17 Jan Can THC Improve Symptoms of Endometriosis?
MedicalResearch.com Interview with:
Rafael Maldonado Lopez MD PhD
Departament de Ciències Experimentals i de la Salut
Universitat Pompeu Fabra
MedicalResearch.com: What is the background for this study?
Response: Endometriosis is a common, chronic and painful disease caused when the endometrium grows outside of the uterine cavity. These growths mainly affect organs in the pelvis causing pain and infertility, symptoms that are often accompanied with anxiety, depression, loss of working ability, and a substantial impact on quality of life. Current treatments include hormonal therapy and surgery, but the effectiveness of these treatments is rather limited, often have important unwanted side effects, and patients usually rely on self-management strategies. Therefore, there is an urgent need for researching new possible therapeutic approaches.
MedicalResearch.com: What are the main findings?
Response: We characterized a mouse model in which implanted endometrial tissue grows in the pelvic compartment, mimicking human endometriosis. Mice with these endometrial implants had an increased sensitivity to pain in their pelvis, but not in their hind paws, showing that pain was specific for the pelvic area. Implanted endometrial tissue growths also provoked anxiety-like symptoms and memory impairments in mice, resembling the symptoms observed in the clinic.
Using this model, we observed that Δ9-tetrahydrocannabinol (THC), the main psychoactive constituent of the Cannabis sativa plant, alleviated pain sensitivity in the pelvis without having an effect on pain in other areas, showing that the treatment was specific to pain caused by endometriosis. THC showed alleviated pelvic pain regardless of when the treatment was started, suggesting that it relieves pain symptoms also when they are established. Moderate doses of THC also restored cognitive function in animals with endometrial implants; however, it did not relieve the anxiety-like behavior associated with endometriosis. Furthermore, mice that were treated with THC during one month showed smaller endometrial growths, indicating that THC also inhibited the development of endometriosis.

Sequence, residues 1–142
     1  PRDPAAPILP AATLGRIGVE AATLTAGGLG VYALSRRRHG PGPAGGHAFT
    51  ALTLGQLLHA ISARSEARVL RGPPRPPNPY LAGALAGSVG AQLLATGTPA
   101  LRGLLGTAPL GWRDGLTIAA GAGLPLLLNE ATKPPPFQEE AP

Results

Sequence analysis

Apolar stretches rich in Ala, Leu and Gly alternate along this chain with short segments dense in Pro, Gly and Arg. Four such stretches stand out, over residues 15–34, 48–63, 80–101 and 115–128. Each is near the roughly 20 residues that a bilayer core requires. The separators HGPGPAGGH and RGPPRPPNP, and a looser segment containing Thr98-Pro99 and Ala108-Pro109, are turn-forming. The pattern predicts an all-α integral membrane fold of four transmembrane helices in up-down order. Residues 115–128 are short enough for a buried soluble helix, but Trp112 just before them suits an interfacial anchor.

MedicalResearch.com: What should readers take away from your report?
Response: Our findings show that THC limits the development and symptoms of endometriosis in an experimental model, highlighting the potential of cannabinoid drugs for the treatment of endometriosis. Further research is currently being conducted to ensure the safety and efficacy of cannabinoid treatments in women with endometriosis.
MedicalResearch.com: What recommendations do you have for future research as a result of this work?
Response: On the one hand, our work reveals the need to design experimental approaches that allow investigation not only of the pain component of endometriosis, but also the emotional and cognitive alterations associated with chronic pain to optimize future therapeutic approaches for endometriosis. On the other hand, the key findings of the disease-modifying effects of THC underlines the interest to further investigate the potential of cannabinoids to treat endometriosis.
Disease-modifying effects of natural Δ9-tetrahydrocannabinol in endometriosis-associated pain
The information on MedicalResearch.com is provided for educational purposes only, and is in no way intended to diagnose, cure, or treat any medical or other condition. Always seek the advice of your physician or other qualified health and ask your doctor any questions you may have regarding a medical condition. In addition to all other limitations and disclaimers in this agreement, service provider and its third party providers disclaim any liability or loss in connection with the content provided on this website.